Former FSU head coach Bobby Bowden/wikimedia Former FSU head coach Bobby Bowden/wikimedia

Joseph A. Kennedy wants to pray on the field after games, a wish that cost the Washington State high school football coach his job, and propelled him into the national spotlight.

And now, litigation heavy hitters from Miami’s Greenberg Traurig representing Florida State coaching legend Bobby Bowden, evangelicals, 13 attorneys general and others from across the country are stepping into the fray, with amicus briefs in support of Kennedy’s appeal to the U.S. Supreme Court, in his fight against the Bremerton School District.


Here’s what attorneys general from 13 states wrote to the U.S. Supreme Court


The case turns on whether Kennedy’s prayers on the field were considered private religious actions, with free-speech protections under the U.S. Constitution, or if they amounted to a public display by a government employee.

The U.S. Court of Appeals for the Ninth Circuit ruled against the coach in his bid for reinstatement. It found that Kennedy’s praying was done as a public employee — and not as a private citizen — because students could see him praying.

Joe Kennedy, Bremerton High school football coach fired for praying after high school football games. Photo: Youtube

But attorneys general from Arizona, Arkansas, Georgia, Louisiana, Michigan, Montana, Nebraska, Nevada, Oklahoma, South Carolina, Texas, West Virginia and Wisconsin disagree. Those states filed a brief to the U.S. Supreme Court as public employers with “interests both in protecting the constitutional rights of their employees and in regulating messages that are communicated by public employees within the scope of their employment.”

“The fact that teachers are paid to communicate some messages to students does not mean that all messages that a teacher communicates are made in a public capacity,” reads the brief, filed Aug. 1. “To hold, as the Ninth Circuit did, that the ‘professional responsibility’ of educators is ‘to communicate demonstratively to students’ simply substitutes an ‘excessively broad job description’ for careful legal analysis.”

Adam Foslid, with Greenberg Traurig. Courtesy photo

Also stepping into the litigation: The chairman of Greenberg Traurig’s Miami litigation department, Adam M. Foslid, who filed an amicus brief alongside associate Eva M. Spahn requesting that the high court grant Kennedy’s writ of certiorari.

The Big Law attorneys represent college football great Bowden, who led the Seminoles to 377 wins and two national titles. Their brief on the retired coach’s behalf asks the Supreme Court to hear the case in the interest of preserving religious liberty and contends the appellate ruling sets a dangerous legal precedent for personal self-expression.

“The District’s policy and the circuit court’s decision fundamentally transform the student-athlete/coach relationship, and effectively eliminate the ability of a religiously observant coach to serve as a mentor, counselor, or pseudo-parental figure to his or her players,” the brief reads. “The district’s policy and circuit court’s holding strip them of their faith and spiritual identity while in the presence of their players, and jeopardizes their ability to be a mentor, counselor, or pseudo-parental figure and otherwise impart important life lessons to their student-athletes.”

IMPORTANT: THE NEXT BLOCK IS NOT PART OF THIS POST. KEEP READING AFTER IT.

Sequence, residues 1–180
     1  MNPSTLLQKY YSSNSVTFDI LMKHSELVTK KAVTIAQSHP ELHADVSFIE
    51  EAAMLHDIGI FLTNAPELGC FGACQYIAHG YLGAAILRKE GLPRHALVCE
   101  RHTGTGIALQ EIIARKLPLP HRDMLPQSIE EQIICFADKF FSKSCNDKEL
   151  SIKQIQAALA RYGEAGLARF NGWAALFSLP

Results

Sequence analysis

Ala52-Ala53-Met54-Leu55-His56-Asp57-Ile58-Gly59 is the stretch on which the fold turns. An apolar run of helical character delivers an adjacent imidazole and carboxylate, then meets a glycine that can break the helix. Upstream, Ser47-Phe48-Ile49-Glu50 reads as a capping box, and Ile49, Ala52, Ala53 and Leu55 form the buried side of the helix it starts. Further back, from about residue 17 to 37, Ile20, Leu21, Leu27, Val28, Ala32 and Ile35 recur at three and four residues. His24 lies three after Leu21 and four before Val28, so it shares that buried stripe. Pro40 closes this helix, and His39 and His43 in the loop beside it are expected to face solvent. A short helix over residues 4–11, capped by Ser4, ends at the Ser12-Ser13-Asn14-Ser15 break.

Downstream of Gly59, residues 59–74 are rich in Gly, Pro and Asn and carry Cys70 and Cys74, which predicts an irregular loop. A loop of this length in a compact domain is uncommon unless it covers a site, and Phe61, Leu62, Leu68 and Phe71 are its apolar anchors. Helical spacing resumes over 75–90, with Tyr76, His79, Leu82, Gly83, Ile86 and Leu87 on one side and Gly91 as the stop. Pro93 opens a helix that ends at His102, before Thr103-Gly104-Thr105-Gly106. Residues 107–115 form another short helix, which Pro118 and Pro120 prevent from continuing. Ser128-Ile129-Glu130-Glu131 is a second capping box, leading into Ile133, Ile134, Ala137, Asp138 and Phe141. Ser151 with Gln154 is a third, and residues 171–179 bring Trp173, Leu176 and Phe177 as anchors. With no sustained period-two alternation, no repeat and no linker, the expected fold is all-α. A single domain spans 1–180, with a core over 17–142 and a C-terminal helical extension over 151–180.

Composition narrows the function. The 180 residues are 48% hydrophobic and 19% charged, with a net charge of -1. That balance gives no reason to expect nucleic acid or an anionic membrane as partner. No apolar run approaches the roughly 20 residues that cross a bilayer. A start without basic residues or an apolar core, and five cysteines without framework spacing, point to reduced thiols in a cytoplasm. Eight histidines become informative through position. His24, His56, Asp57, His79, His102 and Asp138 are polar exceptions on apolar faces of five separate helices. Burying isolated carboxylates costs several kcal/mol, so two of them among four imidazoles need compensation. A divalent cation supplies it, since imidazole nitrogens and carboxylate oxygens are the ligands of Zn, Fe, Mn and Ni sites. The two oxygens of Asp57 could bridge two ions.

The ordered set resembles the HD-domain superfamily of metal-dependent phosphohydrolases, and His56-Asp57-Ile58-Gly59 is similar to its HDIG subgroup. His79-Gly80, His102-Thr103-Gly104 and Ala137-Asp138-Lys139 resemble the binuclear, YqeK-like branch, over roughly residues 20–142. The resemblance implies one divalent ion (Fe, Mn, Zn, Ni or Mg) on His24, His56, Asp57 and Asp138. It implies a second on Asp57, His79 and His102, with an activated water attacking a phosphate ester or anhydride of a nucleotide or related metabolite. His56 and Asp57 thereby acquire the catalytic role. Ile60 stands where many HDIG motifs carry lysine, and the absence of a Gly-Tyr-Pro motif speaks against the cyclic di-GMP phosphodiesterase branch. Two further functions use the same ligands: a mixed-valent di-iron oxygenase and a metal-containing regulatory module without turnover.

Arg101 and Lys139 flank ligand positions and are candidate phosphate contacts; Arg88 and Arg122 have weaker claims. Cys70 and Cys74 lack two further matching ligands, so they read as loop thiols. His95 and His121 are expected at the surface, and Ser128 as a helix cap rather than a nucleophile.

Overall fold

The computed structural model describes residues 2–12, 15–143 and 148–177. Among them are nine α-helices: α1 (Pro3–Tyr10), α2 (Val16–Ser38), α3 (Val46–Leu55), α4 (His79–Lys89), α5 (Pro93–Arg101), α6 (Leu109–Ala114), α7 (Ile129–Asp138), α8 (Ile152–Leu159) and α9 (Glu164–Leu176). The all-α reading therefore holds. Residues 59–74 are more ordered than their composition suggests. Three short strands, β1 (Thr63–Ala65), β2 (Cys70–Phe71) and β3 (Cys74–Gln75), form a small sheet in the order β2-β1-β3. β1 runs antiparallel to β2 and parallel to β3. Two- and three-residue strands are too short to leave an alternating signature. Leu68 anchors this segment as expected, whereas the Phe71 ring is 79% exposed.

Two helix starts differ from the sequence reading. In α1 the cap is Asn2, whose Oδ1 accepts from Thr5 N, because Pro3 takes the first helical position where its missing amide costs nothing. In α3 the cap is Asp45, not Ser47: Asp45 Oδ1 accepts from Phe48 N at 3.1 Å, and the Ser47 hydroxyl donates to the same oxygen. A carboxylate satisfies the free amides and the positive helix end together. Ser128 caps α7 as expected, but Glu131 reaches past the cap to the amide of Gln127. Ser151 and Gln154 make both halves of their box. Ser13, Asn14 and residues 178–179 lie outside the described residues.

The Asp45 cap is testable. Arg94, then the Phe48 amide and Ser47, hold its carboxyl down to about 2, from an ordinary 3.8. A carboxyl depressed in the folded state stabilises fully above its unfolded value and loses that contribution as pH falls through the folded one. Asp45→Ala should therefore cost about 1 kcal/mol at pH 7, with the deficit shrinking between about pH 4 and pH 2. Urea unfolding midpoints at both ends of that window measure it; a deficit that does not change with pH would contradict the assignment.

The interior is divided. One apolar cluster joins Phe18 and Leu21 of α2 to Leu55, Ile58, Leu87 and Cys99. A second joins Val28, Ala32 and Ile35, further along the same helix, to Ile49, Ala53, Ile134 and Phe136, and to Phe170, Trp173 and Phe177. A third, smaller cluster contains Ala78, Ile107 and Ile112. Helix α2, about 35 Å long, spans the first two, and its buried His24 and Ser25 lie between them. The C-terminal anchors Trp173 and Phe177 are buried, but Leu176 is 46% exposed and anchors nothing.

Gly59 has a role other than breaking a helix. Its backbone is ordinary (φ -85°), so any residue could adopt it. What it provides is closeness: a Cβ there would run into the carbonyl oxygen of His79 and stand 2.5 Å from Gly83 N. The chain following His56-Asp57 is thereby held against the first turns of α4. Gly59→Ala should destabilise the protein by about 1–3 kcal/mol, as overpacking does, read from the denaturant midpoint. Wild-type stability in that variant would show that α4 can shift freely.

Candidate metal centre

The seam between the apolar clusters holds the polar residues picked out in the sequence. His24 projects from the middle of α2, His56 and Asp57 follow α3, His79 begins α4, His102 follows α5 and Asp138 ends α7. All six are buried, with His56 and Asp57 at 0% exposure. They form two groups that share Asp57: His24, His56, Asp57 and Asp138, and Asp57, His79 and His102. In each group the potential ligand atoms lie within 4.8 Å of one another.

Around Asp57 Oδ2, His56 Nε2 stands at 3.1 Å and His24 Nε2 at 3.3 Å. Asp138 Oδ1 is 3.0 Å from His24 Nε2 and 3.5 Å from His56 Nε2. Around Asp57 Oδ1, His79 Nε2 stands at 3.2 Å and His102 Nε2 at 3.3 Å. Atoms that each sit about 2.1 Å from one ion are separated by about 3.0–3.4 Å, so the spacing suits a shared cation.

The Bremerton School District’s policy prohibits public expressions of religion by its employees. It bans “demonstrative religious activity” that is “readily observable to (if not intended to be observed by) students and the attending public.”

Kennedy lost his job for violating that policy. He is a former Marine, who worked for Bremerton between 2008 and 2015, when the district declined to renew his contract after he refused to stop praying on the field after school football games. Kennedy subsequently filed suit, arguing the school district had violated his First Amendment rights to freedom of speech and religion.

After the district court ruled against him, Kennedy appealed to the U.S. Court of Appeals for the Ninth Circuit in Seattle. That court affirmed the lower court’s ruling. Now, with the assistance of religious litigation group First Liberty and former U.S. Solicitor General Paul Clement, Kennedy has asked the nation’s highest court to take his case.

A slew of supporters filed briefs to the court this week, including  the Texas High School Coaches Association, members of Congress and Bowden, who contacted Greenberg Traurig’s Foslid to weigh in on the litigation.

“By holding that any on-the-job religious expression by a public school coach falls within that coach’s official employment duties, the circuit court has effectively stripped observant coaches of their religious identity while in view of students,” Foslid told the Daily Business Review. “Stretched to its inevitable conclusion, the circuit court’s reasoning would allow a public school district to prevent an observant Muslim from wearing a hijab, an observant Jew from wearing a yarmulke, or an observant Christian from wearing a cross. It would prohibit a short moment of silent prayer, or crossing oneself before eating a meal in the school cafeteria.”

Michael B. Tierney, counsel for the Bremerton School District, told the Daily Business Review that he is not authorized to comment for the district on these matters.

The district, meanwhile, said it was gearing to respond to Kennedy’s appeal to the U.S. Supreme Court.

“The Court rejected his request for a preliminary injunction reinstating his employment with the District,” the district said in a statement. “The District looks forward to the eventual conclusion of this matter.”